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Muralism has been distorted by the so-called ‘Taco Art’, says artist Marcos Raya

Walking through the Pilsen neighborhood there is much that the artist Marcos Raya does not like in terms of public art also known as muralism, a trend that has been in existence for more than 50 years in Pilsen and in several other Hispanic communities.

Raya, a native of Irapuato, Guanajuato, and the son of a bohemian father and troubadour who played with the Los Tecolines trio, invented a phrase to categorize what he does not like about the new muralism of these times. He calls it “taco art”, art cheap as a taco and without any message.

This Mexican muralist came to the city in 1964 at the age of 16 and settled in the neighborhood of Little Italy, north of Pilsen. Now 72, Raya recalls that after studying at an art school in Lennox, Massachusetts, he returned to Chicago and volunteered at Casa Aztlán where he taught art and then ventured out onto the streets to paint murals. One of the most recognized was his ‘Tribute to Diego Rivera’, which was for years next to a hardware store in Pilsen.

But now Raya is not satisfied with what his eyes see. Think that perhaps today’s youth are not very well focused on the problems that people have.

“There is a nationalist infantilism” that Raya affirms does not contribute to expanding art in the community and is represented by easy and stereotyped images that have already been copied for years.

Raya thinks that young painters have not thoroughly studied the art of Mexican muralists, such as Diego Rivera, David Siqueiros, and others.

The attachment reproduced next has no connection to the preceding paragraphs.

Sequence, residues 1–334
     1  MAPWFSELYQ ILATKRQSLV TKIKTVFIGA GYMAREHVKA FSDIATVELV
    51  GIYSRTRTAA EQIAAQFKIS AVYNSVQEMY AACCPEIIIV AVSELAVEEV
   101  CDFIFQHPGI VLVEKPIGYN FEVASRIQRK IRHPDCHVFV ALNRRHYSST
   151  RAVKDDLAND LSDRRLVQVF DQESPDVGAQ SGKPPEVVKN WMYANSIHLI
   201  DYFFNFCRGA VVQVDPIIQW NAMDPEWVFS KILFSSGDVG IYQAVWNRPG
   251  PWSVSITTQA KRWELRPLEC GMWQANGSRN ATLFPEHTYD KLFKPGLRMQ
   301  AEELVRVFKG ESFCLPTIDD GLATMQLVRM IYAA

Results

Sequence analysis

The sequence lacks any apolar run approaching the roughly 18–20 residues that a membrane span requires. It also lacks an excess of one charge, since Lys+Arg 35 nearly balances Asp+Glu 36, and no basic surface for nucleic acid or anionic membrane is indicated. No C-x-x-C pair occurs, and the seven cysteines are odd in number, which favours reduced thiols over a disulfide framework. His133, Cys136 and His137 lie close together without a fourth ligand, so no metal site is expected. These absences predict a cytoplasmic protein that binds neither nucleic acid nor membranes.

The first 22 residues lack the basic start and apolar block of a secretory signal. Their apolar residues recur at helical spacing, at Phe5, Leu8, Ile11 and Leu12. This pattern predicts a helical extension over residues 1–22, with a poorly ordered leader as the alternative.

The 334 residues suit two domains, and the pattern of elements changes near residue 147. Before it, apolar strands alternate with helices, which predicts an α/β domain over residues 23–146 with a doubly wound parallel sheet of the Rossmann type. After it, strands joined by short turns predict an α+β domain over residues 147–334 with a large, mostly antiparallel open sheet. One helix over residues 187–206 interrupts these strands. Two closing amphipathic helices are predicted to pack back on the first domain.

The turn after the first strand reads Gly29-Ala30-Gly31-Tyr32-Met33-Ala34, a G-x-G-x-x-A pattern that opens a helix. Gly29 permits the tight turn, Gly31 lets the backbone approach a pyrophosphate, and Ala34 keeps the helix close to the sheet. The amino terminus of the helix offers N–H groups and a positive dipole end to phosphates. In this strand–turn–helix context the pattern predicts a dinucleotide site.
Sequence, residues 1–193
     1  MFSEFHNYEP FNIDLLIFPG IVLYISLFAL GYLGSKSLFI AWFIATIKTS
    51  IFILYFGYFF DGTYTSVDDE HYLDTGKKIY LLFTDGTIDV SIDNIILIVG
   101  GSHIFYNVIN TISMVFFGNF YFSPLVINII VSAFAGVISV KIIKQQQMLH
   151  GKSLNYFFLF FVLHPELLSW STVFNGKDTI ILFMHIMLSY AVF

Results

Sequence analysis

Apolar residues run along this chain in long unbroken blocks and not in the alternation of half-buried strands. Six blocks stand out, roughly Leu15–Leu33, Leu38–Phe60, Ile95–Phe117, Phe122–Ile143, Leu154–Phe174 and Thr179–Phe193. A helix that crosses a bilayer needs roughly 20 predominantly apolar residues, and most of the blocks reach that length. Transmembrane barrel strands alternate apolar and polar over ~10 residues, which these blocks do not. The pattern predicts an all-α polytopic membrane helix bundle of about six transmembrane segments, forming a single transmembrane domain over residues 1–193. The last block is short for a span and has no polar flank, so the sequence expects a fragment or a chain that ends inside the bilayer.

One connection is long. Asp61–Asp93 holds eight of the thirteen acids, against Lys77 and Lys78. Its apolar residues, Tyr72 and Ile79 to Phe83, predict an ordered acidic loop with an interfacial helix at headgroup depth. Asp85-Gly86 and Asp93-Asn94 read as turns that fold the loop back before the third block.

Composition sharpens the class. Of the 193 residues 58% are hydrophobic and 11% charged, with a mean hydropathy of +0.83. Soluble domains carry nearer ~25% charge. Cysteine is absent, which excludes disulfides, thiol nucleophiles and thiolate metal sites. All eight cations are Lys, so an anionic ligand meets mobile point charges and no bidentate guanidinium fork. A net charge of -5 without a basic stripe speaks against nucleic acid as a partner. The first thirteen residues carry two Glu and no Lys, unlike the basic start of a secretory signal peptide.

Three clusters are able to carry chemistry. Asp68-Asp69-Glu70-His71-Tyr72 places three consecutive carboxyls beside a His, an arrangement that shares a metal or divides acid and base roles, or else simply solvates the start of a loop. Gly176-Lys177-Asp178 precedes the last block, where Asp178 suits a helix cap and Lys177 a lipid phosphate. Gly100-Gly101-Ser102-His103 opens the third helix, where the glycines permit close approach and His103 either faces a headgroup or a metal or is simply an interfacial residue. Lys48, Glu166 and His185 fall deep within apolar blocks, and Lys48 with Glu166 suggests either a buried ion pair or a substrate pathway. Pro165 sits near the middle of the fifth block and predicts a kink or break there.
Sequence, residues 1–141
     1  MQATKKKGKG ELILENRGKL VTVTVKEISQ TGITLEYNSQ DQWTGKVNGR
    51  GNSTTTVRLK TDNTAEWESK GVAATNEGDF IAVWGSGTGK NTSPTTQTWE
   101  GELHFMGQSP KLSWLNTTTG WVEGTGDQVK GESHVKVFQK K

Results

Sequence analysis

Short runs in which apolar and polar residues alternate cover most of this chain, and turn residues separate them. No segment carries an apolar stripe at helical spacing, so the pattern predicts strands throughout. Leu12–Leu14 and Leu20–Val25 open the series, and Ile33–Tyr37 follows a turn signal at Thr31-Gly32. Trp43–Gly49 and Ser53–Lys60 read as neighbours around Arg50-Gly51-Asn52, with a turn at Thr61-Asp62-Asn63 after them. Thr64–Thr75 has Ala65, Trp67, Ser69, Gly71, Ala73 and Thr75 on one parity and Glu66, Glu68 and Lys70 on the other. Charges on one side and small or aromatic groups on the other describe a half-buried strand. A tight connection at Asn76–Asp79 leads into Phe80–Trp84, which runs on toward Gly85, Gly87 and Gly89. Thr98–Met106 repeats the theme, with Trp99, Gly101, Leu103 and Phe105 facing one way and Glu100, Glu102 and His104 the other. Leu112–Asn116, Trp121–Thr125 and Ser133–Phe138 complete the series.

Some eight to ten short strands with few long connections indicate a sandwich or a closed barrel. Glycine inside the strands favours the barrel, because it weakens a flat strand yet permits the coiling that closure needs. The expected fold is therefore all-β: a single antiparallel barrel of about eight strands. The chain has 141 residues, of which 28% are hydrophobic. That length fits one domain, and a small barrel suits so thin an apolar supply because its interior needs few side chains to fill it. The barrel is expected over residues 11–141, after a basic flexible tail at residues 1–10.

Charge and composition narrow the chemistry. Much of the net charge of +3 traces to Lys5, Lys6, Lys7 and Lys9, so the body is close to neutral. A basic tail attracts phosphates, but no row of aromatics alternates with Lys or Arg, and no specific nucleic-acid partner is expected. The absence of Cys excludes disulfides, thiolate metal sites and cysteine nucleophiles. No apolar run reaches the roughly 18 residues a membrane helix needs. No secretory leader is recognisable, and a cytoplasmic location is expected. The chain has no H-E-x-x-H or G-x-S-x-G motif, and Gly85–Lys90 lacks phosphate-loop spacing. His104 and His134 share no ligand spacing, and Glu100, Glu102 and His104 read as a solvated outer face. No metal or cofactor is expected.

“Instead of taking art seriously, they spend their time copying, designing the same images, this is a very simple or chicharronero way of making art,” said the artist.

Even Raya sometimes thinks that all young people of Mexican origin have lost their identity. It is a fear that afflicts you.

“The advice I can give you, what I can tell you, is that painting murals is part of a real movement, a social movement,” says Raya. “Muralism is to educate.”

Another of Raya’s most recognized murals is the one on the corner of 18th Street and Western Avenue entitled “No more dictatorships.” There a crowd tombs the statue of Anastasio Somoza.

Among other complaints from this veteran artist, who began his career as a surrealist painter, are: “I don’t understand graffiti, it doesn’t tell you anything, it may even be reactionary so that no message is painted” or “painting Frida Kahlo It has already reached the level of idiocy… They have already distorted it a lot; as it has also been commercialized and distorted the idea of ​​the Day of the Dead ”.

“Muralism is to capture more radical perspectives,” concludes Raya, whose art will be part of a national exhibition organized by the Guggenheim Museum in New York once this pandemic is over.